I sat in traffic on the way back from Xavier, stomach twisting with bile, as I listened to Sean Hannity rail on Charles Barron (NY City Councilman) calling Barron a racist. Barron stated with passion that New York City must not be surprised if there is an explosion in the black community if justice is not served after the recent shooting of 23 year old Sean Bell (the night before his wedding). NYTimes article.
Barron attempted to explain to the bone-headed Hannity (while Hannity used his "shout-over-the-caller" technique) that what happened was evidence of institutional racism. Hannity clearly has not been to college in 25 years as he did not seem to know what institutional racism is. Simply because Hannity could cite a black and Latino police officer among those who shot the 50 (that's right 50) rounds into Bell and his two friends, he cannot assume color-blind justice at work.
As Barron patiently pointed out (with quite a bit of self-control, I might add - I, otoh, was in danger of swerving off the road in a rage), the racism is not in the individuals but is systemic within the NYPD itself. Police departments in large cities typically see black males as automatically dangerous. They are predisposed to assume so. Add to it that in the history of police shooting young adult black men, they are never convicted of criminal over-reaction. Even high profile cases end in the police getting off.
I remember my professor of black theology, who grew up in New York, saying that in 100 years of records, and after all the shootings of NYPD against black youths, no convictions against the police have ever been won. Not one (according to him - I tried to do research but am failing to come up with it). As Dr. Clark would say to the police, Every time you shot you were justified in pulling the trigger? You didn't mistake a cell phone for a gun, ever? You didn't slip up and let fear make your decision rather than protocol even once in 100 years?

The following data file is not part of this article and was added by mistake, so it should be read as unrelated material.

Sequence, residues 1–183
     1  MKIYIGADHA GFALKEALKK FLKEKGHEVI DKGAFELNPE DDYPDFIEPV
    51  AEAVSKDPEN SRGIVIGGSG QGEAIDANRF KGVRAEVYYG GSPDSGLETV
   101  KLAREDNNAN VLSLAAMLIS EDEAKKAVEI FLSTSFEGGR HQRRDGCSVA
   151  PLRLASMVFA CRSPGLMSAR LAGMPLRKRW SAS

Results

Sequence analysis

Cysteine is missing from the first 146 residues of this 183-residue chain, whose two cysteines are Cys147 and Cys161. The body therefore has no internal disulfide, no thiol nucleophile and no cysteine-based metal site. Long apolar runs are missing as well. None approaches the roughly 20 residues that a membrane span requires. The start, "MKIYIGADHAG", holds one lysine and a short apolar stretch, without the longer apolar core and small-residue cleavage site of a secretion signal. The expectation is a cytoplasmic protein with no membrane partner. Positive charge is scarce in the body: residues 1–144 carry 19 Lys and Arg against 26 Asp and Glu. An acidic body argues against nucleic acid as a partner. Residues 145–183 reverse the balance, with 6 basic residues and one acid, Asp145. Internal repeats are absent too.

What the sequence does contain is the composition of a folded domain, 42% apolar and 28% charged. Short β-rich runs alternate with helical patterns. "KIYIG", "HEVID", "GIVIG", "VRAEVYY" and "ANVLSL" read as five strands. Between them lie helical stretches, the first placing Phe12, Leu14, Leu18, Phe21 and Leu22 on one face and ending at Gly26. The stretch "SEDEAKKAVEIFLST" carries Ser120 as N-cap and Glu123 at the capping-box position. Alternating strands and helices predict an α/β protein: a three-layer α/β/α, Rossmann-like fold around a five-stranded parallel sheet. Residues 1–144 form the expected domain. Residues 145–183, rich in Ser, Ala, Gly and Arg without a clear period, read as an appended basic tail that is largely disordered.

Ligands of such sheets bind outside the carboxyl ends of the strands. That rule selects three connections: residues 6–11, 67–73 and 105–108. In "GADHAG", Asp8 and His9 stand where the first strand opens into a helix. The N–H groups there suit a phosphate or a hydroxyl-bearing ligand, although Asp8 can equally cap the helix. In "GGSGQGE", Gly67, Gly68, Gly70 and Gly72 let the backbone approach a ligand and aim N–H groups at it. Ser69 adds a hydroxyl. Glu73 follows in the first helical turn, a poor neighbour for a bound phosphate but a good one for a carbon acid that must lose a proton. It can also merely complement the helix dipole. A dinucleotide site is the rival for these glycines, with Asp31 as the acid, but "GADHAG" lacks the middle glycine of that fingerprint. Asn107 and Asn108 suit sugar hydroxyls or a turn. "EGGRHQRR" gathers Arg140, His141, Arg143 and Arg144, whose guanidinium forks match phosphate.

How many young blacks have to die for mistakes, for the assumption that they are dangerous?
The Cincinnati riots of 2001 were caused by the fatal shooting of 19 year old Timothy Thomas (he was shot in the back). We had another shooting of a 14 year old in October.
I lived in Los Angeles during the travesty of the Rodney King trial and the riots that followed.
For Hannity to think that there isn't a generalized fear of blacks among whites (whether police officers or civilians) that translates into misuse of force is to choose to be deliberately ignorant of the facts.
Between February 1995 and April 2001, fifteen black males under the age of 40 were killed by police, while no other males from other races were killed by police (during apprehension, chase, confrontation or while in custody in cruisers). Police reports reflect that nationwide in the United States, whites resist arrest at a rate far less than blacks, however, during the time span cited, regardless of the crime or whether or not white suspects resisted, no whites died in police custody.